Health Effects of Sewage

The public health and environmental implications of sewage overflows are tremendous. Sewage pollutes our waters with pathogens, excess nutrients, heavy metals, and other toxins. It kills aquatic life and creates algal blooms that can suffocate fisheries.

Even worse, sewage carries pathogens that can end up in our drinking water supplies and swimming areas. These disease-causing microorganisms cause diarrhea, vomiting, respiratory, and other infections, hepatitis, dysentery, and other diseases. Common illnesses caused by swimming in and drinking untreated or partially treated sewage include gastroenteritis, but sewage is also linked to long term, chronic illnesses such as cancer, heart disease, and arthritis.

Experts estimate that there are 7.1 million mild-to-moderate cases and 560,000 moderate-to-severe cases of infectious waterborne disease in the United States each year and the Environmental Protection Agency estimates that between 1.8 and 3.5 million people are estimated to get sick from recreational contact with sewage from sanitary sewer overflows annually. While most people recover from these diseases, they can be deadly for children, the elderly, and other patients with weakened immune systems who comprise approximately 30% of our population at any one time.

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Sewage Right to Know

American Rivers is the lead advocate for sewage right to know laws at the national and state level. Sewage spills threaten drinking water, spoil recreation, hinder economic values, and harm wildlife. The goal of sewage right to know is to raise awareness of the frequency and consequences of sewage overflows to create political pressure for increased investments in better solutions to sewage treatment and stormwater management.  American Rivers is partnering with public health groups, the utility community, and local river conservation groups to pass sewage right to know.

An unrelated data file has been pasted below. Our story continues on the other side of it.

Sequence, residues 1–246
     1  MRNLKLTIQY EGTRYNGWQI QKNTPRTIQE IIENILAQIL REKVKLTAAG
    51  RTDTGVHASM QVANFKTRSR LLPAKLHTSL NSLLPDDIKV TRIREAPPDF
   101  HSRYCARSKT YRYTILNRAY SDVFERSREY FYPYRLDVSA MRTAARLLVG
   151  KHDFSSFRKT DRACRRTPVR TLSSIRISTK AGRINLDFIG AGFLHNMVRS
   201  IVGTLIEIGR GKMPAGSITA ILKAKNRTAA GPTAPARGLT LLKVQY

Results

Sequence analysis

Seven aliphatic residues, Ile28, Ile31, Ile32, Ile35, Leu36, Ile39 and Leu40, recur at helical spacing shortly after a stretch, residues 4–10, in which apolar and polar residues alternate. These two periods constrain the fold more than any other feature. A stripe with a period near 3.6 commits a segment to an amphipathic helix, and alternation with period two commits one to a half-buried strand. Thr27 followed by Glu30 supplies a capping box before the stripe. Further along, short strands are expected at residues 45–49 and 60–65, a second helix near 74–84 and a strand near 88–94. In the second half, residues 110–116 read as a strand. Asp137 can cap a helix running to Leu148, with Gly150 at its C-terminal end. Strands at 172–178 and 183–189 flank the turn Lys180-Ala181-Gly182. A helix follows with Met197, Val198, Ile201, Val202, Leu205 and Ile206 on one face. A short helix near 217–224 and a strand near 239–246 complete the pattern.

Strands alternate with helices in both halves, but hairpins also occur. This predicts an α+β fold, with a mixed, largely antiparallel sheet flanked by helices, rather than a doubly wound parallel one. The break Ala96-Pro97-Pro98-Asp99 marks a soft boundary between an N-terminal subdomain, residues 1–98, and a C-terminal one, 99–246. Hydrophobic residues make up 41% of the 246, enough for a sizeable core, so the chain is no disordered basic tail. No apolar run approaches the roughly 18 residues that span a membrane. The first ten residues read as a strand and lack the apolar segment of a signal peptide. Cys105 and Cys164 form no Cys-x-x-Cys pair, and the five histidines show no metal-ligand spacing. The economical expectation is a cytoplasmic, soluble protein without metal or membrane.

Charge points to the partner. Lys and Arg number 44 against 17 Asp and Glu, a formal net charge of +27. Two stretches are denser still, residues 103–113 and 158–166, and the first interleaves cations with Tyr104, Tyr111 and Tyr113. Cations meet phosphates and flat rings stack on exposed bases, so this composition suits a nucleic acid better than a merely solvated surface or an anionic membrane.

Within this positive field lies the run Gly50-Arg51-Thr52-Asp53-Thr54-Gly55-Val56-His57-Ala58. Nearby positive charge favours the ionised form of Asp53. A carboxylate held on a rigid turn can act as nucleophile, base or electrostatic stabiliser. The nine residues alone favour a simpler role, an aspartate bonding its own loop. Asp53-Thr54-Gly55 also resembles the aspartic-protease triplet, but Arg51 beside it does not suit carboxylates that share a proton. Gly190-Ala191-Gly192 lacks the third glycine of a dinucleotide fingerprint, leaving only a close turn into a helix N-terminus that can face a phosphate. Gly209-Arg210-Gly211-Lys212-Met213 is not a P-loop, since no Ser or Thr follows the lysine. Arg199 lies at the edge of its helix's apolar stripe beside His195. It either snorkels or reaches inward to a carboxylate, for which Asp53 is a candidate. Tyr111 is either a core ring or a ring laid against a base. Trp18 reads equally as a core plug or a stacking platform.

Right to know laws are an effective way to protect public health and spur environmental improvement. Letting people know what threats they are facing allows them to make choices to protect themselves and their families and builds support for change.

A good example is the Toxics Release Inventory that requires businesses to publicly report releases of toxic emissions over a certain amount annually and then the emissions are posted publicly on EPA’s website. As a result of this program, emissions of toxics subject to reporting emissions have decreased dramatically by 48% between 1998 and 2000. Other laws require immediate disclosure of environmental health hazards such as tainted food and workplace hazards.

Surprisingly, despite the known risks associated with untreated sewage, there are no consistent nationwide requirements for the public to be notified when sewage spills occur and state requirements are inconsistent where they exist. Unlike the alert system for bad air days with the color coded flags and news announcements, only in some places will you know when there is sewage in your water and as a result you, your family, and your pets may unknowingly be swimming in sewage. This is why American Rivers is working for federal legislation that would require notification of public health authorities, the public, and downstream water intakes whenever there is a sewage spill that could endanger public health.

The Sewage Overflow and Community Right to Know Act (H.R. 753) passed the House of Representatives as part of the Clean Water State Revolving Fund and the Senate companion legislation (S.937) has passed the Senate Environment and Public Works Committee.